From January 2008 Njombe Agricultural Development Organization (NADO) expanded their area of operations from two wards to the whole district of Njombe. The organization was formerly known as UVIMTA and had long term partnership agreement with MS Tanzania starting already from 2003.
There are twelve founding members of NADO, namely: Itulahumba, Ikwega, Itambo, Chalowe, Isindagosi, Dulamu, Kanani, Palangawanu, Usuka, Lugoda, Nyumbanitu and Sakalenga. There are currently six new member Community Based Organisations (CBOs).
NADO is a membership based organization covering members from 19 villages in the Njombe district. The activities of NADO are carried out by the Civil Society Organizations (CSOs) that all are members. Each CSO has to pay an admission and annual membership fee and write application letter in order to be approved and recognized by local government authorities, and to be a part of activities and to benefit from NADO initiatives. NADOs yearly budget is around 55-60 million TAS, and the annual membership fee is 50,000 shilling/CBO.
The main vision of NADO is to build and increase local capacity and improve agricultural and livestock development for the community by mobilization of economic, social and professional networks, and thereby reducing poverty through broad participation.
Among the objectives that are to be fulfilled by 2013 are to increase food production - like maize and animal husbandry, and production of commercial products to increase family livelihoods. Increase awareness of gender issues, to empower women and youth, mainly, by organization through groups that address income generating activities as well as promote use of Savings Cooperative Societies (SACCOS) to funding activities and make these groups economical independent.
In order to achieve these objectives the focus on building local capacity on a sustainable manor -which are environmental friendly and produce high quality foods to increase family livelihoods by increased incomes and nutritional levels (National vision by 2025), like the utilization of organic agriculture, and of traditional agricultural practices. Furthermore, elaboration on education of human rights and gender equality are important cross-cutting topics in the overall work.
The overall goal is to establish a strong network between public and private sector in the quests for economical development and capacity building of people in rural areas, also known as private-public partnership (PPP). Finally, the education about health issues like HIV that affects the communities with a high headcount ratio of people with the disease.
Partners (NGO's, local and international including):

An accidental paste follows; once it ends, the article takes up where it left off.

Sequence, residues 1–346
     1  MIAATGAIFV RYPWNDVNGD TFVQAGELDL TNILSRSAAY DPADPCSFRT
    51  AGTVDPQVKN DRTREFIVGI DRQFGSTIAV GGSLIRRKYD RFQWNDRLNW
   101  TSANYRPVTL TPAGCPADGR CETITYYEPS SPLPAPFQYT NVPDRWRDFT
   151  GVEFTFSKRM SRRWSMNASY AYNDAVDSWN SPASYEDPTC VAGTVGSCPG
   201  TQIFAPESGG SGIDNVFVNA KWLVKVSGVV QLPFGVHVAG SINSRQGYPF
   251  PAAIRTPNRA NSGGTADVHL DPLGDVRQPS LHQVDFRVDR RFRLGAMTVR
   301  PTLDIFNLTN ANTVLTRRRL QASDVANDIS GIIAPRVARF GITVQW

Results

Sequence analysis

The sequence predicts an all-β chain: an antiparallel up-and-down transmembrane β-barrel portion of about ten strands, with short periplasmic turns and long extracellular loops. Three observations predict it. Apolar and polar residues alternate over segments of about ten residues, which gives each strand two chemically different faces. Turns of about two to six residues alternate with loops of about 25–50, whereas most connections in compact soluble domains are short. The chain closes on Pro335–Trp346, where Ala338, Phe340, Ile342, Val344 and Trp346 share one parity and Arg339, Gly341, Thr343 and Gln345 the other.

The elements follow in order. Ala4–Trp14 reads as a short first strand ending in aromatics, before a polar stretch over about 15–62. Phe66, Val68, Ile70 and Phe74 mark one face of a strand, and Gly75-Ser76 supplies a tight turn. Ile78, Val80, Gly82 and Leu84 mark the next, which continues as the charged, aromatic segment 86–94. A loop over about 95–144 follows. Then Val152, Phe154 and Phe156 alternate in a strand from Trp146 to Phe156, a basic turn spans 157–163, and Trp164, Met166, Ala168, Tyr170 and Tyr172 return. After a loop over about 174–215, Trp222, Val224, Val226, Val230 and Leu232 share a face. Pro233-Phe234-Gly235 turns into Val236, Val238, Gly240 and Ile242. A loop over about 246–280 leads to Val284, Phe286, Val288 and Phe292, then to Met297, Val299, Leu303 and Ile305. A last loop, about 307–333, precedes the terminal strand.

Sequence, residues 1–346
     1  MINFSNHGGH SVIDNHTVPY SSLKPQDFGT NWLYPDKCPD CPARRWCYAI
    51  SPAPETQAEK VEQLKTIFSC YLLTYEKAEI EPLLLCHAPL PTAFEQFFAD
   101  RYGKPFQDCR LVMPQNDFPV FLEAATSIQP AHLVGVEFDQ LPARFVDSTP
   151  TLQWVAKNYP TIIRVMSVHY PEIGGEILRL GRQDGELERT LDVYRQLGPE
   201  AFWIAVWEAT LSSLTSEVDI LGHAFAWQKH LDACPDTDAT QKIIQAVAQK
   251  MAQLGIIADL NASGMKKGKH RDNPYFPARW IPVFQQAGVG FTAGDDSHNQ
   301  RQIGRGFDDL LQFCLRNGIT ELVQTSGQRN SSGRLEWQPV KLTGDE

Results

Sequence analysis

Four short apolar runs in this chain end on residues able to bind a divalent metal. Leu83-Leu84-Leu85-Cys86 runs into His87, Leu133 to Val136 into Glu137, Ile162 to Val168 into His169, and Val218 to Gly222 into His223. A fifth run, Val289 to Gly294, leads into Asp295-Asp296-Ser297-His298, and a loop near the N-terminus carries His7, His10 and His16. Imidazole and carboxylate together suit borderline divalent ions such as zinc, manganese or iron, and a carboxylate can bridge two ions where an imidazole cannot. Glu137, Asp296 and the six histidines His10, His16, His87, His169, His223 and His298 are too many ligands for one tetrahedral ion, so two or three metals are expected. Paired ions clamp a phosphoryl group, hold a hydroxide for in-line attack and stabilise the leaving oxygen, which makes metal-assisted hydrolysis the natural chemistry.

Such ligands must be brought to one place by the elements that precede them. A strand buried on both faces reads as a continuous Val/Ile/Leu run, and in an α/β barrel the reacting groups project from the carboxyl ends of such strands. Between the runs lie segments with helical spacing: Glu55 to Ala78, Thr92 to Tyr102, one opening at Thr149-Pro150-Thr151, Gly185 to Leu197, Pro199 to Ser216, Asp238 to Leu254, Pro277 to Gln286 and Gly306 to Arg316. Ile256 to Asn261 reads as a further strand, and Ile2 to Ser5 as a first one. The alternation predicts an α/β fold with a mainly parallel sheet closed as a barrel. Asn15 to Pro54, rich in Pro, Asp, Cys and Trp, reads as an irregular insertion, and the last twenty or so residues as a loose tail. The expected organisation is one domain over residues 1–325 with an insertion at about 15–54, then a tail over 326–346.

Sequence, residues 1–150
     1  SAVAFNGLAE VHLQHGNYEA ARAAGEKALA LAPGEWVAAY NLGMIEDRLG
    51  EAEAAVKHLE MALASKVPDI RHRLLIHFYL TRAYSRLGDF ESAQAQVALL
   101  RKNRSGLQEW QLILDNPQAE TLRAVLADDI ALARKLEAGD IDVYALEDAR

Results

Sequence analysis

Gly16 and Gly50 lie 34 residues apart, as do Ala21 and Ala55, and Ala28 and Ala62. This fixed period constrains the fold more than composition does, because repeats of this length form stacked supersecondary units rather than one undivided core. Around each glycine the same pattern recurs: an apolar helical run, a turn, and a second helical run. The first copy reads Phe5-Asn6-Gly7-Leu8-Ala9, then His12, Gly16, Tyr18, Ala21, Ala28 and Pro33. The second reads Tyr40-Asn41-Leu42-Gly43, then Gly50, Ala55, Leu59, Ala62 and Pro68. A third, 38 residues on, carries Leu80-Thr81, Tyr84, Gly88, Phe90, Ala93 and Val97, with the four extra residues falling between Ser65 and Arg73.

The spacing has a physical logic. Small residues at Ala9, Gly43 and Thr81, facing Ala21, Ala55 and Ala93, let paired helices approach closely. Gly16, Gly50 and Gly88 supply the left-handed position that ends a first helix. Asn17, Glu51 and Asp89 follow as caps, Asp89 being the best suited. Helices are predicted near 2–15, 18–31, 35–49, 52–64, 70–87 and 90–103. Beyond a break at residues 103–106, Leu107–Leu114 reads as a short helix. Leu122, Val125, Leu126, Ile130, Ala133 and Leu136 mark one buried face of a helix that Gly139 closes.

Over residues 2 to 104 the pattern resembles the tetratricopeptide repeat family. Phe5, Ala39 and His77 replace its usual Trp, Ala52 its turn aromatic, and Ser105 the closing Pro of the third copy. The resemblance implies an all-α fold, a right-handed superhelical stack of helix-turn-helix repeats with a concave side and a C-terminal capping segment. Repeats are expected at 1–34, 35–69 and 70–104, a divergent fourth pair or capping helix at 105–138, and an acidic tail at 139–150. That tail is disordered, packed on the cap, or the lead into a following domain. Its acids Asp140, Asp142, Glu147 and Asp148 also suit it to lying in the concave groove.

- MS Tanzania
- Tanzania Spices Limited
- Uyole Agricultural Research Institute
- Evangelist Lutheran Church Tanzania
- World Vision
- Tanzania Enterprise Works
Njombe District (from ADDA baseline...)
Njombe district covers an area of 10, 668 km2 equivalent to 1,066,800 ha. Out of these 768,075 ha is used for cultivation and grazing. Njombe is administratively divided into 7 divisions and 25 wards and two township authorities, namely Njombe and Makambaku. Njombe district has a total population of 420,318 (2002).
Njombe district is divided into three agro-ecological zones according to the amount of rain:
- The zone which receives a relatively high amount of rainfall includes Lupembe, Idamba, Kidegembye and part of Ikondo wards in Lupembe Division, and Ikuna and Mahongole wards in Makambako division, and Iwungilo, Uwemba, Matola, Liponde and Yakobi wards in Igominyi division, and part of Mdandu ward in Mdandu division.
- The zone which receives a medium amount of rainfall includes Igongolo ward in Makambako division and Kifanya ward in Igominyi division.
- The zone which receives a low amount of rainfall includes Makambaku, Mtwango and part of Igongolo wards in Makambaku division, and Wanging'ombe, Saji, Ilembulu and Luduga wards in Wanging'ombe division, and Usuka ward in Mdandu division.
Major constraints identified by the Agriculture and Livestock Department within agricultural production include:
-Infertile soils due to poor farming techniques
-Soil erosion accelerated by animal husbandry, poor cultivation methods and deforestation
-High prices of inputs resulting of low use
-Most farmers use hand hoes instead draught animals
-Low production per area unit
-Crop pests and diseases
-High livestock mortality rate due to east coast fewer and other tick born diseases
-Unreliable rainfall and draught in some parts of the district
-Poor transportation infrastructure
-Poor marketing of agricultural produce
-Shortage of extension staff
The total population of Njombe District is 420,348 people that are distributed with 196,130 male and 224,218 female in total of 98,825 households with an average of 4.3 person per household.